When is Aberrant Workplace Behavior Sufficient to Justify Termination?

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Aberrant workplace behavior caused by stress or a psychological condition is not uncommon. However, such behavior can also cause employers to become anxious regarding how to lawfully deal with the disruption and its effect on co-workers. The United States Court of Appeals for the Seventh Circuit (covering Illinois, Indiana, and Wisconsin) recently provided guidance. Continue reading this entry

The Second City Adopts Paid Sick Leave Following Burgeoning National Trend

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Late last month, the Chicago City Council unanimously approved a new paid sick leave ordinance requiring virtually every employer in the city to provide at least some paid time off to employees for sick leave purposes. Cook County’s Board of Commissioners is expected to approve a similar ordinance later this year. Chicago is not forging any new paths by doing so — it is only the latest example of a nationwide trend to mandate that employers provide paid time off to employees to care for themselves or their families — a trend certain to continue and expand. Continue reading this entry

EEOC’s Revised Proposal to Collect Pay Data Keeps Focus on Pay Discrimination Agenda

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As we reported previously, enforcement of equal pay laws and remedying of pay disparities continue to be top priorities for the U.S.Equal Employment Opportunity Commission (EEOC) and U.S. Office of Federal Contract Compliance Programs (OFCCP). The EEOC again highlighted this ongoing focus this past week when it announced revisions to its February 2016 proposal to collect pay and hours-worked data as part of the annual EEO-1 reporting process. In announcing the revised proposal, EEOC Chair Jenny Yang emphasized the agency’s view that pay discrimination remains a “persistent problem” for many workers and reiterated the government’s belief that “[c]ollecting pay data is a significant step forward in addressing discriminatory pay practices.” According to the Q&As accompanying the EEOC’s EEO-1 reporting changes, the EEOC and OFCCP will use the pay data collected via the annual EEO-1 reports to “focus agency investigations,” evaluate complaints regarding pay discrimination, and identify statistical pay disparities warranting further review. Continue reading this entry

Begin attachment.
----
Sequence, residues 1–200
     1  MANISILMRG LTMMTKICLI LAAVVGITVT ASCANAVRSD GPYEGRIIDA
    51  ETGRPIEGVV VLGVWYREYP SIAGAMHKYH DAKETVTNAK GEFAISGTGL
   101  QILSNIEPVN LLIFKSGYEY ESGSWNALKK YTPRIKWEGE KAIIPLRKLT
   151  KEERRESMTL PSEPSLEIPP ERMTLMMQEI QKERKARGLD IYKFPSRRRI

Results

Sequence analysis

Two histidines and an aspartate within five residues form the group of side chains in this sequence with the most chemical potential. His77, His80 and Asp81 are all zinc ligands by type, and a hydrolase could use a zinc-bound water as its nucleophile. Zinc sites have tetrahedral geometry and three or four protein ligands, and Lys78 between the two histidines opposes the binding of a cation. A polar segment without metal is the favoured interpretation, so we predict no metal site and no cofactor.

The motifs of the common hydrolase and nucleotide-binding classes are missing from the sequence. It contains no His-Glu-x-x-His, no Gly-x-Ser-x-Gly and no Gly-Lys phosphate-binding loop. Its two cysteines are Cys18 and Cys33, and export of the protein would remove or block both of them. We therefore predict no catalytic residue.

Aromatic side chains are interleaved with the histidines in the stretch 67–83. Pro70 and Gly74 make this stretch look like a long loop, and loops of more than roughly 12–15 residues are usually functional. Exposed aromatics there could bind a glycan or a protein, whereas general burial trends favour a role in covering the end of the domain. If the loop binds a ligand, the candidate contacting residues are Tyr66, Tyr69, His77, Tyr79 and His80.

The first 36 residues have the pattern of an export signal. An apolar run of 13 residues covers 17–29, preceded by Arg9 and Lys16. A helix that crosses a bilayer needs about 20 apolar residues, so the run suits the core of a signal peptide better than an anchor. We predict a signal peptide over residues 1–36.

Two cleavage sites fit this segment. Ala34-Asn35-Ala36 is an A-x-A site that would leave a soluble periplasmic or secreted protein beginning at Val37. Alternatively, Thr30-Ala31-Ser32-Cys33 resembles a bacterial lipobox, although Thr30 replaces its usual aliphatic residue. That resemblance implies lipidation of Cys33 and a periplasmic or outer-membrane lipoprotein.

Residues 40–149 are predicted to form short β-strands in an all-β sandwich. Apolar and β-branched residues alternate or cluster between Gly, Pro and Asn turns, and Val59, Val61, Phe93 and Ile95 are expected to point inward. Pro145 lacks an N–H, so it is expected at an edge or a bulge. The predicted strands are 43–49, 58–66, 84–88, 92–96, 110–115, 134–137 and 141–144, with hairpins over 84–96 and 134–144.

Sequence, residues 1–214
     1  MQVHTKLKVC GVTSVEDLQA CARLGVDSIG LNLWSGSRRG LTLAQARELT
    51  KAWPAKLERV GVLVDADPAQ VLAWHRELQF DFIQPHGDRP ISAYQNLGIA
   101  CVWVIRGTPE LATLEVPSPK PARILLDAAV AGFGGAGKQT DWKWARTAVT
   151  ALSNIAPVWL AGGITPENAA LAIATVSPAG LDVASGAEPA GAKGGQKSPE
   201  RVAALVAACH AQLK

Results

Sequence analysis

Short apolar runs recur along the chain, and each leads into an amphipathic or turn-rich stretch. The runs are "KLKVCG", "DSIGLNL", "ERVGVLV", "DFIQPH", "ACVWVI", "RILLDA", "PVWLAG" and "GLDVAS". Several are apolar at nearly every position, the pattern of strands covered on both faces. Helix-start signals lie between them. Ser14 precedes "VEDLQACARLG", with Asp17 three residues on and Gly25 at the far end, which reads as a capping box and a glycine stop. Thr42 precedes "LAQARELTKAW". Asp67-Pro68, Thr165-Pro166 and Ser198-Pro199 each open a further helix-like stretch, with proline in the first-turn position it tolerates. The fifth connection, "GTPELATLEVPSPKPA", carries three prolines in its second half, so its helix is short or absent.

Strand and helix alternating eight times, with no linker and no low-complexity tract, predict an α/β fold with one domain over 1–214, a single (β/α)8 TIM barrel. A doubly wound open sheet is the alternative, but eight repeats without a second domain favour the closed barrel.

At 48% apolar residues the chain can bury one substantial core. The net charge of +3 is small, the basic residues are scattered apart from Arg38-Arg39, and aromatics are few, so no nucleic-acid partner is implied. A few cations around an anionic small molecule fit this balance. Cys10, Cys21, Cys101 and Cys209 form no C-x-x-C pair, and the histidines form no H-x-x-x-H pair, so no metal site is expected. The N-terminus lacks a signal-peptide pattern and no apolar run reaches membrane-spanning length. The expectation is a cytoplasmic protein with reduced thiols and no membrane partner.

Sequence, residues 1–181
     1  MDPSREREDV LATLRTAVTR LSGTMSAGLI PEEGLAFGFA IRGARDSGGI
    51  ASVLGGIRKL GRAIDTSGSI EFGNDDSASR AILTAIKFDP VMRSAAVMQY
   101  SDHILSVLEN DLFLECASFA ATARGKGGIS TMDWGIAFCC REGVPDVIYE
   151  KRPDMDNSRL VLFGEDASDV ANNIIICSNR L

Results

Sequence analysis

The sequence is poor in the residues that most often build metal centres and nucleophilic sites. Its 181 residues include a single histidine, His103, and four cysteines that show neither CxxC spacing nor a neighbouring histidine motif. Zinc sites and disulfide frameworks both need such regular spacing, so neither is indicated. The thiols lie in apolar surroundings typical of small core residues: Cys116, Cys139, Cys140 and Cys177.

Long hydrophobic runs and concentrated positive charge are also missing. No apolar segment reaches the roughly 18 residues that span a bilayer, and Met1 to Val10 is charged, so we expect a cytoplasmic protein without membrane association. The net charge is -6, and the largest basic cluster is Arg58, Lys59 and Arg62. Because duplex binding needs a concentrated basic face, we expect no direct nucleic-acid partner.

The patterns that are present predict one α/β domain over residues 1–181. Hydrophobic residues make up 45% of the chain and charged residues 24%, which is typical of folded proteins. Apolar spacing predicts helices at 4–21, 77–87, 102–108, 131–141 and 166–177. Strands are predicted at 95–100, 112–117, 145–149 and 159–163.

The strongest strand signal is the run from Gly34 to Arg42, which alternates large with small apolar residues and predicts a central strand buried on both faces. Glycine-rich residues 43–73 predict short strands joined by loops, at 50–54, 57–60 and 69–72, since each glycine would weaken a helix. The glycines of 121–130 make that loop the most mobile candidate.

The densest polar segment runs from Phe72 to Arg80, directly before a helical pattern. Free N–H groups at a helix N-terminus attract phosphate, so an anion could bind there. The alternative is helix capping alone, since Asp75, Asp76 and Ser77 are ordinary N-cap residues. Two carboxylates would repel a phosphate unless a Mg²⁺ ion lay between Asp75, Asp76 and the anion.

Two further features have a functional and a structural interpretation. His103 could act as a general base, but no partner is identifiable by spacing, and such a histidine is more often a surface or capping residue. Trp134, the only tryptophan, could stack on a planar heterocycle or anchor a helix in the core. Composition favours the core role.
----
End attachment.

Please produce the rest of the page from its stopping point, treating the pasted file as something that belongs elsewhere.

Potential Issues for Employers After Brexit (With No Clear Answers Yet)

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The voters in Great Britain caught the world off guard by voting to leave the European Union (EU) after over 40 years of membership. However, after the vote, the questions immediately started. Leaving the EU is governed by a treaty and terms of the “Brexit” will be negotiated between Great Britain and the EU in the next two years. Some of these terms are likely to have significant impacts on the British and European labor force, which employers will need to monitor and take steps to address. Continue reading this entry

Fair Pay and Safe Workplaces Executive Order Moving Forward and the NLRB is On Board

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Earlier this year, the final rule and guidance regarding President Obama’s controversial Fair Pay and Safe Workplaces (also known as the “Blacklisting”) executive order — which requires companies and organizations seeking government contracts in amounts of $500,000 or more to disclose past alleged violations of federal and state labor and employment laws — was sent to the Office of Management and Budget for review and approval. This action means that the final rule is currently on track for publication, possibly as soon as August 2016, and is likely to be implemented before the end of the year, absent intervention from the legislature or judiciary. Continue reading this entry